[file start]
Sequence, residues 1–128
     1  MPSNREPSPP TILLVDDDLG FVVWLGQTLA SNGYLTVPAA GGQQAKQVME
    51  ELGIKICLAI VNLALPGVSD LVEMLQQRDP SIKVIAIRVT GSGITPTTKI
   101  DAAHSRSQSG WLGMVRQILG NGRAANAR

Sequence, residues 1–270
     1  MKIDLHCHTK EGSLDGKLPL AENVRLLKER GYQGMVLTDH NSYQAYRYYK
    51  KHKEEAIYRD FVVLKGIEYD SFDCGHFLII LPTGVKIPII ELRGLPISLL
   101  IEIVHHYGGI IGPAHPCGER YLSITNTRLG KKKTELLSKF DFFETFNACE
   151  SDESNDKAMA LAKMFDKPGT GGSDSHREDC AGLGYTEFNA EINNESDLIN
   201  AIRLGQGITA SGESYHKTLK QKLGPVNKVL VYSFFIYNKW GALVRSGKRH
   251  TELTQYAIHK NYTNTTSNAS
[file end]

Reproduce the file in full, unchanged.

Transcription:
Sequence, residues 1–128
     1  MPSNREPSPP TILLVDDDLG FVVWLGQTLA SNGYLTVPAA GGQQAKQVME
    51  ELGIKICLAI VNLALPGVSD LVEMLQQRDP SIKVIAIRVT GSGITPTTKI
   101  DAAHSRSQSG WLGMVRQILG NGRAANAR

Sequence, residues 1–270
     1  MKIDLHCHTK EGSLDGKLPL AENVRLLKER GYQGMVLTDH NSYQAYRYYK
    51  KHKEEAIYRD FVVLKGIEYD SFDCGHFLII LPTGVKIPII ELRGLPISLL
   101  IEIVHHYGGI IGPAHPCGER YLSITNTRLG KKKTELLSKF DFFETFNACE
   151  SDESNDKAMA LAKMFDKPGT GGSDSHREDC AGLGYTEFNA EINNESDLIN
   201  AIRLGQGITA SGESYHKTLK QKLGPVNKVL VYSFFIYNKW GALVRSGKRH
   251  TELTQYAIHK NYTNTTSNAS